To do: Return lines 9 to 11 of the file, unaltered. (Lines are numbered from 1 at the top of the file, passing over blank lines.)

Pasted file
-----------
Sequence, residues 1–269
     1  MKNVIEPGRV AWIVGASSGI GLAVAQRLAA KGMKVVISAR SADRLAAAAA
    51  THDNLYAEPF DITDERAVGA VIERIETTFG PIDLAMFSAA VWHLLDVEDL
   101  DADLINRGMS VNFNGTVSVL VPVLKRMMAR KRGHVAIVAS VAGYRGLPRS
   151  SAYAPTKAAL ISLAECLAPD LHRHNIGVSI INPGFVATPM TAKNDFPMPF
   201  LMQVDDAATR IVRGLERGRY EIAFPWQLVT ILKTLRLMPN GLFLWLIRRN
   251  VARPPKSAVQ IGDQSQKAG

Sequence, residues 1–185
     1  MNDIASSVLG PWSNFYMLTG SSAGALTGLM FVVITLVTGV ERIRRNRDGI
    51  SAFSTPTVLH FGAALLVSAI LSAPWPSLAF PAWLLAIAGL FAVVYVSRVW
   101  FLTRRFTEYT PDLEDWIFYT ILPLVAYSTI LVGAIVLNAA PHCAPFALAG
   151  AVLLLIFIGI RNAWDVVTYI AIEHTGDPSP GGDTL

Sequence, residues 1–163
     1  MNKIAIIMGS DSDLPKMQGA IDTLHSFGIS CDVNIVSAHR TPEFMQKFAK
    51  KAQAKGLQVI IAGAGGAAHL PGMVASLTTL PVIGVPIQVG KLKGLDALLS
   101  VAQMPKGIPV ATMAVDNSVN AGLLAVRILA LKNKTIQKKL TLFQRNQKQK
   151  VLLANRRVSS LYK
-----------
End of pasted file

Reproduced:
     1  MNDIASSVLG PWSNFYMLTG SSAGALTGLM FVVITLVTGV ERIRRNRDGI
    51  SAFSTPTVLH FGAALLVSAI LSAPWPSLAF PAWLLAIAGL FAVVYVSRVW
   101  FLTRRFTEYT PDLEDWIFYT ILPLVAYSTI LVGAIVLNAA PHCAPFALAG